uttered (or emailed) would be less soon forgotten. Most of the things which
upset us in life are just not worth the effort. More important that we
preserve our discipline and self-worth as human beings in G-d's image than
that we air every snide remark stewing in our brains.
There is, however, an important distinction here, clearly implied by the
Rambam's wording. The Rambam stated that we should be yielding regarding all
matters of the world since all such things are empty and vain. It sounds
strongly that the Rambam means matters of this world alone -- a world of
fleetingness in which nothing truly matters. But what of spiritual issues
and eternal matters? Say my fellow refused to recommend me to a yeshiva
(rabbinical college) or as a competent study partner for another?
Once, years ago -- while I was dating my wife, actually, so much was on my
mind -- I was a guest at another's home for the Sabbath, near where my
future wife was staying. With everything going on, I was so wiped out that I
went to rest on Sabbath afternoon and fell into a deep sleep. My host had so
much "sympathy" for me that he decided not to wake me up -- and I slept
straight through Mincha (afternoon services), the final Sabbath meal, and
the Ma'ariv (evening services) after the Sabbath. And I was quite upset with
him about it at the time. (I won't share further details but we're still
close today. ;-) But again, if someone wrongs me in things *spiritual* which
*do* matter, do I have the right to bear a grudge?
In truth, the Talmud (Yoma 22-23) makes a very similar distinction. It
states: "Any Torah scholar who does not avenge and bear a grudge like a
snake is no Torah scholar." It bases this upon King Saul. At the beginning
of Saul's reign, Scripture states that there were unruly people who openly
and insultingly questioned Saul's competence to rule and to deliver them
from their enemies. They refused to offer him tribute (I Samuel 10:27). Now
such behavior is acceptable in a democratic society which guarantees freedom
of speech, but not towards a G-d-appointed absolute monarch. But Saul,
humble and unassuming man he was, let it pass. States the Talmud there,
because Saul was so self-effacing -- almost implying he in fact *was*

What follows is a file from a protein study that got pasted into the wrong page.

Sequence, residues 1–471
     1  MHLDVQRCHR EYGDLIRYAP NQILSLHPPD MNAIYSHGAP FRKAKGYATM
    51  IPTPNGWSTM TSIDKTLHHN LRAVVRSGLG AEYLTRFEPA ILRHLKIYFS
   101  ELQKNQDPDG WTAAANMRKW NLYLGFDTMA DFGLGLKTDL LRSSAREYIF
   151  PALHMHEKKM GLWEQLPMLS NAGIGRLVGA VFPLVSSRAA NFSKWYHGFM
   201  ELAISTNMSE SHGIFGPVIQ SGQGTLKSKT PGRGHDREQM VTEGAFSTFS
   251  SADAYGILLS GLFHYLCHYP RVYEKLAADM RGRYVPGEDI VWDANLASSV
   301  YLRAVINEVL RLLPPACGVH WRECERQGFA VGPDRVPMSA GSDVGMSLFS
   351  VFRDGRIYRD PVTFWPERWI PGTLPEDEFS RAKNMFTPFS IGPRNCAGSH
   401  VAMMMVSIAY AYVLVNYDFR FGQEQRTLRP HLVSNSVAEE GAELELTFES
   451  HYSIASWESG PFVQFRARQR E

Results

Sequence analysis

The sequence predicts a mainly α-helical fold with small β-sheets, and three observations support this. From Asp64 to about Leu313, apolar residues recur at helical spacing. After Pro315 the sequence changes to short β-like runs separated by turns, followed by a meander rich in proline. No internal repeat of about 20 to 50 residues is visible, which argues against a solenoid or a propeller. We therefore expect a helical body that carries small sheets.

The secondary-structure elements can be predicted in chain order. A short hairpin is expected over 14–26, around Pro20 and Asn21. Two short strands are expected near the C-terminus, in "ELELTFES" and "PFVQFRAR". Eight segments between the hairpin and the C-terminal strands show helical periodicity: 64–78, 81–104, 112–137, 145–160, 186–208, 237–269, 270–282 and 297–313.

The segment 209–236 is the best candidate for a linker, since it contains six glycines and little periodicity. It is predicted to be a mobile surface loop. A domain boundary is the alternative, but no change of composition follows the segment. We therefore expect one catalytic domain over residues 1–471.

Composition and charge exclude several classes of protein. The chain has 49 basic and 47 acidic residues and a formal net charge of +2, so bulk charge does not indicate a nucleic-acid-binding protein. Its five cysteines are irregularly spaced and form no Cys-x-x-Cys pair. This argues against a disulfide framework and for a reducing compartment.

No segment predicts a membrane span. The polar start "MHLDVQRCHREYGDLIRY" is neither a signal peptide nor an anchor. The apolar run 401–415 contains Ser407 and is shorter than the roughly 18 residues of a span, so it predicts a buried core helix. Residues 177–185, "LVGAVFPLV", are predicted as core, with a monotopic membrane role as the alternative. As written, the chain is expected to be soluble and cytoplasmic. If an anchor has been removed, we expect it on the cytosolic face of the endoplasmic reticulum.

unworthy of kingship (Rashi there), he eventually did lose his throne.
But, continues the Talmud, is not revenge expressly forbidden by the Torah?
Answers the Talmud that that is in monetary issues, but if a person pains me
I may bear a grudge. After a little more discussion the Talmud concludes
that even in matters of "pain" one may bear a grudge in his heart but
preferably should not act against his fellow (save in King Saul's case or in
the case of a Torah scholar (who must be "snakelike"), as the honor of G-d's
monarch or His Torah is at stake). And finally, concludes the Talmud, if the
one who wronged me asks for forgiveness, I should forgive him even in such
The Rambam's ruling here is clearly based upon the Talmudic passage above.
Not lending me a hammer is a far cry from disgracing me or interfering with
my spiritual growth. In serious matters, it would be remiss of me *not* to
care. In fact, elsewhere the Talmud states that we should *cleave* to the
Torah scholar who "takes revenge... as a snake" (Shabbos 63a). Such people
clearly care dearly about truth and the Torah's importance. And they will
not rest until its true meaning is established. By contrast, someone who is
relaxed about the Torah's honor may not apply himself to it with the same
(In truth, the Rambam's distinction between temporal and eternal is hardly
identical to the Talmud's pain versus finances. The commentators struggle to
understand the basis for the Rambam's shift in understanding.)
In conclusion, I personally found this week's law very refreshing. What at
first seemed an unrealistically high demand -- that we not even bear a
grudge when our fellow wrongs us, is actually well within our reach. The
Torah is not asking that we turn ourselves into zombies, that we feel no
resentment towards those who wrong us. This is the case only regarding
monetary matters which truly do not matter -- for does not G-d ultimately
control our bottom lines? Yet in matters of religion and honor I may well
bear a grudge. Certainly I must be forgiving -- if he asks for it, that is,
and does so sincerely. And as we learned not far back, rather than bottling
things up I should confront my fellow when he wrongs me (6:5). Yet
G-d does not ask that we not be human beings. The G-d who created us knows
what we are and are not capable of. And so, through the combination of
challenging heights yet realistic, realizable goals we may achieve true
Text Copyright © 2009 by Rabbi Dovid Rosenfeld and Torah.org